In a groundbreaking development, a research team led by Professor Wang Cheng from the Department of Electrical Engineering at City University of Hong Kong has successfully created a cutting-edge microwave photonic chip. This innovative chip is capable of performing ultrafast analog electronic signal processing and computation using optics, making it a significant advancement in the field of electronic engineering.

The newly developed chip is 1,000 times faster and consumes less energy than traditional electronic processors, offering a wide range of applications across various industries. From 5/6G wireless communication systems to high-resolution radar systems, artificial intelligence, computer vision, and image/video processing, the potential uses of this chip are vast and revolutionary.

One of the key features of this chip is its ability to achieve ultra-high-speed analog signal processing with chip-scale integration, high fidelity, and low power consumption. This is made possible by combining ultrafast electro-optic conversion with low-loss, multifunctional signal processing on a single integrated chip. The chip operates on a thin-film lithium niobate (LN) platform, enabling multi-purpose processing and computation tasks of analog signals.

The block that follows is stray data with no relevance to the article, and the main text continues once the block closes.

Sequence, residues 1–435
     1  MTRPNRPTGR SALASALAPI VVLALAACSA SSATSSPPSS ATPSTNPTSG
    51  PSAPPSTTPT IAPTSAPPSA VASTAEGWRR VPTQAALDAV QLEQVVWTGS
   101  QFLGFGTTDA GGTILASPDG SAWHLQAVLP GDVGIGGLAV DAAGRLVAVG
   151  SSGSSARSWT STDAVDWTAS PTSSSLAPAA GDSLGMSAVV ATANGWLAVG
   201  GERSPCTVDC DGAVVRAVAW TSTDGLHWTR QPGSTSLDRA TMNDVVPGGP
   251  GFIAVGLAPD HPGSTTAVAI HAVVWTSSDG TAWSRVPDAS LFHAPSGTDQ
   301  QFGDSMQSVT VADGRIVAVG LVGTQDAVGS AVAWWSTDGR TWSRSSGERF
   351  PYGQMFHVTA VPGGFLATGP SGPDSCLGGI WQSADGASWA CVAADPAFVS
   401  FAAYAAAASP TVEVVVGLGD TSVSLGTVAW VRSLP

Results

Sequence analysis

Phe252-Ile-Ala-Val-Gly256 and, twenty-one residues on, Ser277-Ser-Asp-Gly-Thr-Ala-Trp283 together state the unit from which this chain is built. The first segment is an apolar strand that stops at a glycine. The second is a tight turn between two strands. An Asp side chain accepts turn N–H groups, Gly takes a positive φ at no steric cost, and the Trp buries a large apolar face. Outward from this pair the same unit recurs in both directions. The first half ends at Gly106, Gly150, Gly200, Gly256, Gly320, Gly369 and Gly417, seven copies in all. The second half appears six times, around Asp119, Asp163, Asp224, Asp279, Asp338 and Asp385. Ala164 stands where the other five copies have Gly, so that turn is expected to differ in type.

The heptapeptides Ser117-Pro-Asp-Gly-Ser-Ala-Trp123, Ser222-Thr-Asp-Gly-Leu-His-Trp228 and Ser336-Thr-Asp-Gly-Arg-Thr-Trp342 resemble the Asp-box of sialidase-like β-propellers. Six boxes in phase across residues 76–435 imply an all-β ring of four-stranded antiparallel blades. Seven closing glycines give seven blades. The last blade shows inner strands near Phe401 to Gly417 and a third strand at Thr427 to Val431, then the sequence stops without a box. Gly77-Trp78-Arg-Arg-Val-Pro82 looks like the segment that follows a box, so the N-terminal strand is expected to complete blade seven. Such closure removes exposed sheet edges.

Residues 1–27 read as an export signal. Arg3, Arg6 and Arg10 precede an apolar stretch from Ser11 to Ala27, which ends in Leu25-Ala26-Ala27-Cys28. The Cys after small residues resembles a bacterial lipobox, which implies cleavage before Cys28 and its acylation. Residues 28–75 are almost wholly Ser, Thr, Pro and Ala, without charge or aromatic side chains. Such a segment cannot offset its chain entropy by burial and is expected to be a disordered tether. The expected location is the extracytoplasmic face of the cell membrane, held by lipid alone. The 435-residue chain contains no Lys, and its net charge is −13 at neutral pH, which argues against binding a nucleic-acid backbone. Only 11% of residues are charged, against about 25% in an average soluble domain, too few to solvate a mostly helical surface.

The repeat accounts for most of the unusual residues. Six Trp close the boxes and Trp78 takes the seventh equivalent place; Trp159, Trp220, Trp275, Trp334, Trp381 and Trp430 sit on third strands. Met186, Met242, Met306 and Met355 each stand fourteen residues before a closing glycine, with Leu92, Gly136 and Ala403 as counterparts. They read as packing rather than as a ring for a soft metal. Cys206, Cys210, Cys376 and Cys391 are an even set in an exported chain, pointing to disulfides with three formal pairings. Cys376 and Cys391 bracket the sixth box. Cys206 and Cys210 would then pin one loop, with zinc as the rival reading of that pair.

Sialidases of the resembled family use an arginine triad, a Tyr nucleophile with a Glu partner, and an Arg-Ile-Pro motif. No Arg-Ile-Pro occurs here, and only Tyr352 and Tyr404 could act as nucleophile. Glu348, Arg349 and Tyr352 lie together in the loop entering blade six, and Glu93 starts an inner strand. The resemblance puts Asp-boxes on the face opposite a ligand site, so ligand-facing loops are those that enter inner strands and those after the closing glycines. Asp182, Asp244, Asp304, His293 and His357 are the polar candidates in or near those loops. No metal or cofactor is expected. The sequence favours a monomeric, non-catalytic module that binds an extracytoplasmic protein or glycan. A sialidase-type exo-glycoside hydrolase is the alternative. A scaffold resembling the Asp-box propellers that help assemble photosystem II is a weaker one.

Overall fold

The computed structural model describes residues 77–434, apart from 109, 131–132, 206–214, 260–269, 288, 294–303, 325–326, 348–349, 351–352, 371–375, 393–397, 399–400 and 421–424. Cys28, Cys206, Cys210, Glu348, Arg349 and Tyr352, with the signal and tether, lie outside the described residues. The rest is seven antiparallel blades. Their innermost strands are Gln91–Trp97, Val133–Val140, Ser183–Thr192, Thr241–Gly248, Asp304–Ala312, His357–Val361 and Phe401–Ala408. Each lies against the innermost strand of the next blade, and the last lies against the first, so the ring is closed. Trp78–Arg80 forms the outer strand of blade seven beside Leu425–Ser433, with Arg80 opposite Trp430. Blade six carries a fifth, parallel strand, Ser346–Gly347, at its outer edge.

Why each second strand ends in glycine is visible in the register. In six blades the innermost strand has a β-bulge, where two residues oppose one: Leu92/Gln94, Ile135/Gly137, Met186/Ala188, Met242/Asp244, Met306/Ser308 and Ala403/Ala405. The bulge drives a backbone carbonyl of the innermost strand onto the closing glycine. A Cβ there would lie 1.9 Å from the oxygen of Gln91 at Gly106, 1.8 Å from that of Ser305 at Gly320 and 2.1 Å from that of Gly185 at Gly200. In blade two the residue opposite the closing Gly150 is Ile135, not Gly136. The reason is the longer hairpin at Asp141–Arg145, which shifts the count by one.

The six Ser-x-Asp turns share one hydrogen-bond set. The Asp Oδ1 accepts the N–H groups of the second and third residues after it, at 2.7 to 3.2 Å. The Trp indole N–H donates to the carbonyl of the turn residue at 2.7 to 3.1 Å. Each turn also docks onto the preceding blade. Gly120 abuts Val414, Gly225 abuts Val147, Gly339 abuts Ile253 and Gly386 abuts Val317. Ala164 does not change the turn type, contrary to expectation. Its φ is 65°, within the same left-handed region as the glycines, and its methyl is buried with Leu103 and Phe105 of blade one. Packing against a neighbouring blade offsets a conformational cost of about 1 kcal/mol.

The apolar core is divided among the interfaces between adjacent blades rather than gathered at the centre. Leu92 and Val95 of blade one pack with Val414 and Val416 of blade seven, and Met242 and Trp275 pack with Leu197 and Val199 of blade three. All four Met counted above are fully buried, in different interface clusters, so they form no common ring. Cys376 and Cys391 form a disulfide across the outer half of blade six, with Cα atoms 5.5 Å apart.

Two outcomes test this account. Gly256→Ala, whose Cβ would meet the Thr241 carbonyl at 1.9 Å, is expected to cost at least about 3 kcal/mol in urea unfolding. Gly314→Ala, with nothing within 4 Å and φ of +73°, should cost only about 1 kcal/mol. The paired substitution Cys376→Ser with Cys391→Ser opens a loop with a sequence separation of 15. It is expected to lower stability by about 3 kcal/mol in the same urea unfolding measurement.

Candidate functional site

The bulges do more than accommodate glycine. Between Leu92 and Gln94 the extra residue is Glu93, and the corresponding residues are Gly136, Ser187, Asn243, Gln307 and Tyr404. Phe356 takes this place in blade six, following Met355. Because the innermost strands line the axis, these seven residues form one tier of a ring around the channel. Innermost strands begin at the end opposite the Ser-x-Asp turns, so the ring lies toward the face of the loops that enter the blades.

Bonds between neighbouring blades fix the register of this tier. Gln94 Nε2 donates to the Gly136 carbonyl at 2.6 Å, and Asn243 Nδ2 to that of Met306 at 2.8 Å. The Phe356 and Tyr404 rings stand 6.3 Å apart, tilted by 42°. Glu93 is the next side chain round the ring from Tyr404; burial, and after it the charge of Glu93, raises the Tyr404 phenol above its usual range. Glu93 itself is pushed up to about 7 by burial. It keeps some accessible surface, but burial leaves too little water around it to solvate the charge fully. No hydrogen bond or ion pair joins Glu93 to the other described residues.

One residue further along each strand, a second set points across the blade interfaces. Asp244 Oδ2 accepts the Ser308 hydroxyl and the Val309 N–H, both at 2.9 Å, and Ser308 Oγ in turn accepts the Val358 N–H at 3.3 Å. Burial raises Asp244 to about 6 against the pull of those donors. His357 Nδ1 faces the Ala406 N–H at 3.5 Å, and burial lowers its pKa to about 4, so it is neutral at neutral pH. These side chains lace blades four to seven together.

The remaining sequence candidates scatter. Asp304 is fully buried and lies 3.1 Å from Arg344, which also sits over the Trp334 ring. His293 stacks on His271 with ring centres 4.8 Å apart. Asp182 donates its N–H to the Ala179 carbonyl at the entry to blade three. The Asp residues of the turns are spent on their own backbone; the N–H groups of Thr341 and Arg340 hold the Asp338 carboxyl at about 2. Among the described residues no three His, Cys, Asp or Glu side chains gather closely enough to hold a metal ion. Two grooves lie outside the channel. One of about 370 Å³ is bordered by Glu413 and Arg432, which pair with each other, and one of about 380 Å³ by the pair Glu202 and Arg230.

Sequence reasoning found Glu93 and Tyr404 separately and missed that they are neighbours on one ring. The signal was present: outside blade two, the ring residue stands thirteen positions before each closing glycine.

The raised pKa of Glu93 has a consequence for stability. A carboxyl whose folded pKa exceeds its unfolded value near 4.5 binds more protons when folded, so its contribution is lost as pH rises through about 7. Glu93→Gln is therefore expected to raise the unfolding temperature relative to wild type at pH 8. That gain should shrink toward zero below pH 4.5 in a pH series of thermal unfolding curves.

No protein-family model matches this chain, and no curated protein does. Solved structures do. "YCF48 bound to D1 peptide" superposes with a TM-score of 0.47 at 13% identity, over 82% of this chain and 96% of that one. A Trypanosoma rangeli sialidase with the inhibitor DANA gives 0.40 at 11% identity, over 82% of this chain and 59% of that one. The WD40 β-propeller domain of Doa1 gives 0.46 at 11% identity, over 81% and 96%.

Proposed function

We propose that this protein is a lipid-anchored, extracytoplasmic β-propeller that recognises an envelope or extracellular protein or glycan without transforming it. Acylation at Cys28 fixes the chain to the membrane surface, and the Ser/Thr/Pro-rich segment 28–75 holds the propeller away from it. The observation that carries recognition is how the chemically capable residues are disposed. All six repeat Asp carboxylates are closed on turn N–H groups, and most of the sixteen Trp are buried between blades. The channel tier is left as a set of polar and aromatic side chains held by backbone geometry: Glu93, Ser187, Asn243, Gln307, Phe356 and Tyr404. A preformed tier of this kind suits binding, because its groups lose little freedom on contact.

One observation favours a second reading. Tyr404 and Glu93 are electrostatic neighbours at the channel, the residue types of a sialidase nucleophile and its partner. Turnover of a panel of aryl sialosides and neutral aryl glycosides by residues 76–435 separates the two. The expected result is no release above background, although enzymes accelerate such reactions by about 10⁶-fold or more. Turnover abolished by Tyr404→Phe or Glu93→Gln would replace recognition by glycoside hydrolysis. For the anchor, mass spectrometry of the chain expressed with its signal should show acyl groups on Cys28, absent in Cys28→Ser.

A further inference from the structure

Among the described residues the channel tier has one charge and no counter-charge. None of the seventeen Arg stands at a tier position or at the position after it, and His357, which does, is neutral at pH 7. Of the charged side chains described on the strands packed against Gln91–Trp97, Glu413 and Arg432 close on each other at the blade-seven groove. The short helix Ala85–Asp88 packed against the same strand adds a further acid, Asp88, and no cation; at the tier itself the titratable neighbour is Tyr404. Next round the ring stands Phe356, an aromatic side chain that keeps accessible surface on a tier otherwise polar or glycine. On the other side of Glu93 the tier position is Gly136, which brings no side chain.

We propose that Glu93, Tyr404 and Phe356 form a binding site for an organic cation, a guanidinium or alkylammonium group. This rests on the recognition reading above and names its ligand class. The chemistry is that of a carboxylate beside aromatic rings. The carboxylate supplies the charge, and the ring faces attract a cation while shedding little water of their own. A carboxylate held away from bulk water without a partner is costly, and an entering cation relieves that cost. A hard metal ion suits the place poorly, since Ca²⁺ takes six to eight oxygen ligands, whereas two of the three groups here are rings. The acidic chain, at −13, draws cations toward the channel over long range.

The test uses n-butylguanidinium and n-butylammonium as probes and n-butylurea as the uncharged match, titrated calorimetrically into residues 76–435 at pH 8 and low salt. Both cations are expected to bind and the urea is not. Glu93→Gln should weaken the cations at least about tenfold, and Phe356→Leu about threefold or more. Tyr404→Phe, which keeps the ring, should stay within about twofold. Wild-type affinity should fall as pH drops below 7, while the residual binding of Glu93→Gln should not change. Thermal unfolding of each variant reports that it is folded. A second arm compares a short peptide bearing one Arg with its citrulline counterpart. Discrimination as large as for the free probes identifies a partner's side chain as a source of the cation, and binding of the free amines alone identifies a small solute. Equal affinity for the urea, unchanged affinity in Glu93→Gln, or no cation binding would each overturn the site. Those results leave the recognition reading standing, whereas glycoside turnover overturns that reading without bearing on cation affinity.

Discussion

The research team’s findings, published in the prestigious journal Nature, mark a significant milestone in the field of microwave photonics. The integrated MWP processing engine based on the LN platform can perform high-speed analog computation with ultrabroad processing bandwidths of 67 GHz and excellent computation accuracies. This breakthrough builds upon previous research efforts, including the development of CMOS-compatible integrated electro-optic modulators on the LN platform by colleagues at Harvard University and Nokia Bell labs.

The development of this microwave photonic chip paves the way for a new era in electronic signal processing and computation. With the ability to achieve compact sizes, high signal fidelity, and low latency, these chips represent a significant advancement in chip-scale analog electronic processing and computing engines. As the demand for faster and more efficient electronic systems continues to grow, the potential applications of these chips are vast and limitless.

The research team’s groundbreaking work in developing a world-leading microwave photonic chip has the potential to revolutionize the field of electronic engineering. With its ultrafast processing speeds, low energy consumption, and wide range of applications, this chip represents a significant step forward in the future of electronic signal processing and computation.

Physics

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